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NSFAS sold millions of students loan repayment to MBD Credit Solutions



NSFAS Sold millions of Students loan repayment to MBD Credit Solutions, they all ready started  calling students.  MBD Credit Solutions, an independent firm that specialises in credit management solutions.   They threatening to blacklisting failing to adhere to their call.  They also added their fees to the loan amount which makes NSFAS Loan increases dramatically. 
  

– National Student Financial Aid Scheme (NSFAS) chairperson Sizwe Nxasana once said beneficiaries of the scheme who refuse to repay their loans could face possible blacklisting.

The scheme will now be administering R14.5 billion for beneficiaries this academic year, which excludes the so called ‘missing middle’.

Instead the new funding model, which be piloted next year, will have a relative means test to determine a family's disposable income.

NSFAS says those who are beneficiaries and refuse to repay their loans will face normal debt repayment processes.

Nxasana says, “People who are unwilling to pay and are already earning an income, we’re simply going to be following the normal debt recovery process for those people in a way that is a lot more robust.”

He says the scheme has established relationships with employers who will be made aware of which employees are NSFAS beneficiaries.

Nxasana also says there's been a high rate of poor students who struggle to find jobs when they complete their qualifications, which he says, the new means test will aim to address.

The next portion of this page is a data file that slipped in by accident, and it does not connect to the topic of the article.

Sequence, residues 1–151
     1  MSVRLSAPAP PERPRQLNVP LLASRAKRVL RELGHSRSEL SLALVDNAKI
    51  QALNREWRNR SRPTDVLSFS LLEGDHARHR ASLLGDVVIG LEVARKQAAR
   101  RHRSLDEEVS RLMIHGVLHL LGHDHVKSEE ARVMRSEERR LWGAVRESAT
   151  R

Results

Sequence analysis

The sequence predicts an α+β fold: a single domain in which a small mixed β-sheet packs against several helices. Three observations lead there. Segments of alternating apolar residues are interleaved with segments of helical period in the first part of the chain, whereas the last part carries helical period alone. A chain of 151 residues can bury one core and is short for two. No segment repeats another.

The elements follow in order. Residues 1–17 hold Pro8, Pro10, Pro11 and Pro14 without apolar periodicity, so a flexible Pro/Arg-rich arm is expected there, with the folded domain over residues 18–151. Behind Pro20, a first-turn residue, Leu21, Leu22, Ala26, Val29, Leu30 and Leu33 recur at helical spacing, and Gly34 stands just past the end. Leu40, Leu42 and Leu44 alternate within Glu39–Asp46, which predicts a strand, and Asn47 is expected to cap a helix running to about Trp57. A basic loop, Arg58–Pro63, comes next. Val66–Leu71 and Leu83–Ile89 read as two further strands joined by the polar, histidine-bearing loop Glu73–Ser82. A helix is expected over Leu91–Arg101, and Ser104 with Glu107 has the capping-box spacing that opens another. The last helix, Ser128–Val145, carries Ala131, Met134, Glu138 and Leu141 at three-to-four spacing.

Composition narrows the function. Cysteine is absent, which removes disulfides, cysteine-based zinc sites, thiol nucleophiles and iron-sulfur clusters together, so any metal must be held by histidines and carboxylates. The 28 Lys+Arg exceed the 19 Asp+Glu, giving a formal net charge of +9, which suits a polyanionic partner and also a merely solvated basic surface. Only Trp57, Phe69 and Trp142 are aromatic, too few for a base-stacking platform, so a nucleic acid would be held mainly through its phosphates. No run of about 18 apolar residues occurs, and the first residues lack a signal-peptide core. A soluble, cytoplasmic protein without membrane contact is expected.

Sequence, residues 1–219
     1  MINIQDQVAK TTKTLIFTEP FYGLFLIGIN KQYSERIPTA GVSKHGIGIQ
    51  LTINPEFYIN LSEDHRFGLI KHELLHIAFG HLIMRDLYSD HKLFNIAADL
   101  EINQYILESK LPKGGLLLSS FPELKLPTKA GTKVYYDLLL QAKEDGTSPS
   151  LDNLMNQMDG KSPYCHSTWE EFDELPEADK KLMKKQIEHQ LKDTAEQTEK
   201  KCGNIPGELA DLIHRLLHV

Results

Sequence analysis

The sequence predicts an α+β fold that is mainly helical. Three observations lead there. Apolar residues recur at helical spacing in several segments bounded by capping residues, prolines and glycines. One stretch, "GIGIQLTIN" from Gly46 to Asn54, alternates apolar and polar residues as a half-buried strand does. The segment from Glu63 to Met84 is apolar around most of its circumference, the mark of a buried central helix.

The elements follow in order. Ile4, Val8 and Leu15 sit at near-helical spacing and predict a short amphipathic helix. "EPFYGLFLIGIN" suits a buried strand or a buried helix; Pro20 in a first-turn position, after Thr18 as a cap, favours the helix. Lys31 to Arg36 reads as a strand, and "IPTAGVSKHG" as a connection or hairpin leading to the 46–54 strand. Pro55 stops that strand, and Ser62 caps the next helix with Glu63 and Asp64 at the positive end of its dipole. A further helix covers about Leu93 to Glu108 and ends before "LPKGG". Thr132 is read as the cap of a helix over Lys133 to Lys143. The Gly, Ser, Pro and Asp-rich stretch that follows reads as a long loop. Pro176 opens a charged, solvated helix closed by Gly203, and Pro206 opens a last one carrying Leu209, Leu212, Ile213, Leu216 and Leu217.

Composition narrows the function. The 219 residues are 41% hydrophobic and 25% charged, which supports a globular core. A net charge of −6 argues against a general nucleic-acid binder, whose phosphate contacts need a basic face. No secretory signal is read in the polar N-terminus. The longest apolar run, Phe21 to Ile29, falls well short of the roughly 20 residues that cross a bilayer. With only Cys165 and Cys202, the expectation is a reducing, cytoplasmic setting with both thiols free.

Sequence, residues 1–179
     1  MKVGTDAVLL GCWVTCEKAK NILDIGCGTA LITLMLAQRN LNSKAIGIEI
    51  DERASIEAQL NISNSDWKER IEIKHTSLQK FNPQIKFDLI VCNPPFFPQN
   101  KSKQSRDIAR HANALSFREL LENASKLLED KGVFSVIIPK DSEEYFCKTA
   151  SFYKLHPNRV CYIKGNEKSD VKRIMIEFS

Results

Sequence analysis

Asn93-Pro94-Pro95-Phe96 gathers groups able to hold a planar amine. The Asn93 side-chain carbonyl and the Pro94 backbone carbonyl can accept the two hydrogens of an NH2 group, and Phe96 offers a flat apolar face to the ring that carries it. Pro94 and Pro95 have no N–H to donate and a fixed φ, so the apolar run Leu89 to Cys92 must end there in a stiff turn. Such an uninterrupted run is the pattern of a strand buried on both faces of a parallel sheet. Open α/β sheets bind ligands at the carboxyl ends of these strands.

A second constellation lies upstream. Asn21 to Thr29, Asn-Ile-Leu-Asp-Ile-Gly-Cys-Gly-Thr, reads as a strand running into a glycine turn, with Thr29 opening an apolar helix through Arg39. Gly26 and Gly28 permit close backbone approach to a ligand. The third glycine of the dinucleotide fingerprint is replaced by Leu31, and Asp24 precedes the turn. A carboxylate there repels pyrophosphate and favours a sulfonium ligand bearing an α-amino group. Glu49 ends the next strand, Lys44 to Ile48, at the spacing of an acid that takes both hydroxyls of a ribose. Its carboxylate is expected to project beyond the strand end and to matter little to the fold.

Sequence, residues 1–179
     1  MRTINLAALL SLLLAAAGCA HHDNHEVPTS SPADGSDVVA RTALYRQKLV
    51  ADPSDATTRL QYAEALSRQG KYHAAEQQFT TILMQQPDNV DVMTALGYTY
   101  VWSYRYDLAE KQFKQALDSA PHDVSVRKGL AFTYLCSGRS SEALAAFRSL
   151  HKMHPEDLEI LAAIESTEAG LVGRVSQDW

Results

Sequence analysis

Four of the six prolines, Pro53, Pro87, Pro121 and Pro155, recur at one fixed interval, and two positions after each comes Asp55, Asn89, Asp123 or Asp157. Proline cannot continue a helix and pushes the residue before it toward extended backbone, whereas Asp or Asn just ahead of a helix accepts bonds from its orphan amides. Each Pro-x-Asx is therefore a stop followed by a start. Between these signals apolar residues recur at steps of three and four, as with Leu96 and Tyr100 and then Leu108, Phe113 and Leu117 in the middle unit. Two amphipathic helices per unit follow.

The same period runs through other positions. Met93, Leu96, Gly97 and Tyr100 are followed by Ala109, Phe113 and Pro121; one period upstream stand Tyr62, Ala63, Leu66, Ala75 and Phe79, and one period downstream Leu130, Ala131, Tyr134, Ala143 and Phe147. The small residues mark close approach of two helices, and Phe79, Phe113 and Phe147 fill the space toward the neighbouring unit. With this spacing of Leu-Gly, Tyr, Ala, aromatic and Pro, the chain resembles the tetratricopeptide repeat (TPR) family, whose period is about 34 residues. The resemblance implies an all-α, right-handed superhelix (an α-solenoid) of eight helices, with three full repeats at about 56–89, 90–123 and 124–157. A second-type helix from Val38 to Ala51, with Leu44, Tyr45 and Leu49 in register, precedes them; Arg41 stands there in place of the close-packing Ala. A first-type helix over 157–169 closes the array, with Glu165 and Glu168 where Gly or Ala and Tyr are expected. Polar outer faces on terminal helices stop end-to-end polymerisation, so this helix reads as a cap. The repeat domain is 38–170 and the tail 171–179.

WATCH: Additional R10bn funding boost for NSFAS


FYI: What You need to know About NSFAS

  • APPLICATIONS

  • What is a student loan?
    A student loan is the money you borrow from NSFAS to cover the costs of your studies at any of the 25 public universities in South Africa. This includes: tuition fees, residence or private accommodation, food, books and travel costs. This loan must be repaid to NSFAS when you finish studying and find employment. Depending on your results, up to 40% of your NSFAS study loan may be converted into a bursary, which you do not need to repay.
  • What documents do I need when I apply?
    When you apply for NSFAS funding, you must attach all of the following documents:
    1. Grade 12 Certificate.
    2. South African Identity Document.
    3. Proof of parents' income.
    4. Proof of registration at college or university of brothers and sisters, who live in the same household.
    5. Proof of registration can be obtained at the institutions where your brothers and sisters are registered.
    6. Certified copies of their birth certificates and/or identity documents.
    7. A letter from your doctor to confirm proof of a permanent disability if applicable.

    CLICK HERE FOR A COMPLETE CHECKLIST LIST OF ALL REQUIRED DOCUMENTS.

  • How do I repay the student loan?
    NSFAS student loans are income-contingent, which means that repayment commences when you start working. NSFAS will send you statements to help you keep track of how much you owe.

    It is your legal responsibility to keep in touch with NSFAS and to inform us of any change of address.
  • How are repayments calculated?
    NSFAS has made repayments affordable for you. Repayments of your student loan are based on the salary that you earn, and start once your salary is R30 000 or more per year. The repayment amount starts at a calculation of 3% of your annual salary, increasing to a maximum of 8% when your salary reaches R59 300 or more per year. For example, this means you will repay R900 on a salary of R30 000 a year, or R75 per month. Once your annual salary reaches R59 300 your repayment will be R4 744 a year or R395 a month. You can select to pay more than this, so that you can pay your loan off faster, and reduce the amount of interest you will be charged on your loan.